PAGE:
The challenges and controversies of wine tasting have to do with wine’s intrinsic qualities and unique characteristics, varying tasting conditions, the element of the human taster as well as that emotional component – the much talked about experience. Keeping this in mind, are we expecting too much from those who taste professionally?
France’s performance in the 2017 edition of the World Wine Tasting Championships has made headlines this week. Being beaten into 7th position by Sweden at number one and then also by arch rivals, England at number two is not something the world’s most renowned wine country will be proud of. (Read more)
“Every French person thinks they are a connoisseur but we only know our own wines and not those from other countries. It’s the same with Italy and Spain and all wine producing nations. They only drink their own wines. Countries like Sweden and the UK are far more open”, Philippe de Cantenac from LRVF told The Times.
Palates are often under scrutiny – when they themselves are judged as in this tasting championship, but even more so when it comes to the judging of wines in competitions or for ratings. How much of the outcome of a wine tasting is really about the expertise of the palate and how much about experience and exposure and perhaps even luck?
To qualify your opinion on wine, you need a trained palate. For the novice it is about identifying the primary tastes, tannin, acidity, sweetness and alcohol, deciding whether you enjoy the wine and to determine what you are willing to pay for it. (See palate training for beginners)
For the connoisseur it is also about being able to eliminate the presence of any faults in the wine and interpreting the primary tastes in order to come to a conclusion about the quality, the maturation potential and the pairing options.
A competitive environment requires more of the palate. When the wine is the one being judged, the palate is expected to be well-trained and experienced. When the palate itself is the one being judged, such as with the World Wine Tasting Championships, it gets more complicated and the palate, with the help of sight and smell, needs the ability to identify age, origin, terroir… This is no easy feet and it takes a lot of continuous focused practice to obtain and maintain a well-trained palate.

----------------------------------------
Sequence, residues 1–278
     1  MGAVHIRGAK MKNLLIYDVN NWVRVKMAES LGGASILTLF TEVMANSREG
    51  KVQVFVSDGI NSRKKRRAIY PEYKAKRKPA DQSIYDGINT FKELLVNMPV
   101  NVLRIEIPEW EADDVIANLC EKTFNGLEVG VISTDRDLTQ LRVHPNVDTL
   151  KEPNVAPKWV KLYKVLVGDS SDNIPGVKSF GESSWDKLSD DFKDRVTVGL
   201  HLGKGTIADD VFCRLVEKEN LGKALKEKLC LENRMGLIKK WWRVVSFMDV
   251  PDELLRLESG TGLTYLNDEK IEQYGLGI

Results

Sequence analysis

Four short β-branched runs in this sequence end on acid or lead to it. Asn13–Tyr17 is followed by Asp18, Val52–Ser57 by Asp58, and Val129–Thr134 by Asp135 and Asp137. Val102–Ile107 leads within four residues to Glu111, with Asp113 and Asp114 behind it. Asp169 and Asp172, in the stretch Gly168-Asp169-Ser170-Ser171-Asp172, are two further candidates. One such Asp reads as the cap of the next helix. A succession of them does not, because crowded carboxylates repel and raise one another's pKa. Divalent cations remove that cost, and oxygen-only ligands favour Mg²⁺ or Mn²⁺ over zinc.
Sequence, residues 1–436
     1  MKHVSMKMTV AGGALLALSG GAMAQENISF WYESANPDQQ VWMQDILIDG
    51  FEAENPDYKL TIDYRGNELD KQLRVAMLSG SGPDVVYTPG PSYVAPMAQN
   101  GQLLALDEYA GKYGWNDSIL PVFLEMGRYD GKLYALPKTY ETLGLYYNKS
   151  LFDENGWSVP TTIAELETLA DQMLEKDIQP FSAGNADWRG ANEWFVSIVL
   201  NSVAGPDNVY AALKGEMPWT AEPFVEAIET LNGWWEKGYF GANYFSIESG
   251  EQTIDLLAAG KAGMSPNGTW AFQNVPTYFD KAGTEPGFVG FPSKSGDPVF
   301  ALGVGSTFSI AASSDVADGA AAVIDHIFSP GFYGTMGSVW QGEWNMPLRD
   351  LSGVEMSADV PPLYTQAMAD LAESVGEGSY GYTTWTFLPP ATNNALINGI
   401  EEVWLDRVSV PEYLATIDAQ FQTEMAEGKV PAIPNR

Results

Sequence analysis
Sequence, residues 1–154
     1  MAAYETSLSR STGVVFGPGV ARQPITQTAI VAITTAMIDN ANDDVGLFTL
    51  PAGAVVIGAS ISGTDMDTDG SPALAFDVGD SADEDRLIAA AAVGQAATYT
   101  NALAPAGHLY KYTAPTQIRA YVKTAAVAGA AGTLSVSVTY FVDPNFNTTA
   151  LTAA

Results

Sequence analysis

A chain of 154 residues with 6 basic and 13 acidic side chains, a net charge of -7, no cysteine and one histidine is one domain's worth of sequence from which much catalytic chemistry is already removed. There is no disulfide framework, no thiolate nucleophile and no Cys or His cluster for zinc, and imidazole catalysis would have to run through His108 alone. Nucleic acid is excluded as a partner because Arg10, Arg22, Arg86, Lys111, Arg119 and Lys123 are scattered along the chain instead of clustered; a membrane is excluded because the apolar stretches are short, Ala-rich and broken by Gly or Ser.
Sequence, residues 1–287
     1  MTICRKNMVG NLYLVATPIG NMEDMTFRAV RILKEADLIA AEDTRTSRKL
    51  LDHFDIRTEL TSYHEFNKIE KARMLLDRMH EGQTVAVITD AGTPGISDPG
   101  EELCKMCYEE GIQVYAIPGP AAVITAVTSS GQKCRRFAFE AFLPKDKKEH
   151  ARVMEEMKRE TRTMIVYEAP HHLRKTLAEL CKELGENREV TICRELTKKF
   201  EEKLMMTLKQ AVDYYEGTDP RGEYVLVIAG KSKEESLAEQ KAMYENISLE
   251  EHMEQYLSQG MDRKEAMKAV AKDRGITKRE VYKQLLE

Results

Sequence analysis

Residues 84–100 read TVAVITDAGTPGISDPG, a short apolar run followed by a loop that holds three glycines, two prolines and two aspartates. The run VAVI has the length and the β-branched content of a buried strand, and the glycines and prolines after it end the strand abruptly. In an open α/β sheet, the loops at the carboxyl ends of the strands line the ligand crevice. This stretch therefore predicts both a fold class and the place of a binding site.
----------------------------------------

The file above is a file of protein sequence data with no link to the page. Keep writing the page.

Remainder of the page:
“The sensorial and organoleptic tasting of wines is a practice requiring lots of commitment, concentration and a continuous training, and just like in many other activities, the knowledge of theoretic notions represents a fundamental factor.” (Read more: diwinetaste.com)
While wine tasting technique and regular exposure to a wider variety of styles and cultivars are of great help when trying to impress guests around a dinner table, wine tasting experience for those who taste competitively goes much deeper than knowing your Burgundy from your Bordeaux!
I always say that one learns the most about wine by tasting with those who know more than you do. Surround yourself with experts and expose yourself to variety. When you are in the industry – and those passionate about wine often are – it is easy to stick to the wine from your own estate, own region or own country. This is however doing a disservice to your palate. Do you often taste older vintages, lesser known varieties and wines from unfamiliar terroir? They might be more expensive and difficult to find, but if you do not go to the effort of including them in your tastings, you will fall into the same trap as the French tasting team.
“However the practice of tasting requires lots of experience and … the capacity of being curious as well as having a good attitude to investigation by means of one’s own senses. These capacities can be improved and increased thanks to a continuous training done with a constructive and comparative strategy. Tasting the highest possible number of wines is fundamental, moreover tasting wines from many producers, different areas, different grapes, different qualities, allows the taster to acquire experience by means of a pretty vast knowledge.” (Read more: diwinetaste.com)
When the palate is being judged there might be a small element of luck – perhaps you have just returned from Lebanon and are presented with some Château Musar in your tasting. In general, though, a trained palate and vast wine tasting experience would be the most important factors of your success.
Luck, in the opinion of Robert Hodgson, a Californian winemaker and statistician, has a more important part to play when it comes to the judging of wine.
Wine producers will all agree that the results from wine competitions can be very confusing. Winning double gold in one competition and bronze or even nothing in another. Of course there can be various reasons for this, but according to Hodgson’s research even expert wine tasters are inconsistent when having to taste a large number of wines. “We have won our fair share of gold medals but now I have to say we were lucky.” (Read more: theguardian.com and winecurmudgean.com)
Whether you depend on tasting results to sell your wine or want to broaden your own tasting horizons, the practiced palate seems to be the best bet. The science of wine tasting stays a challenge – but it is a delightful one to take on!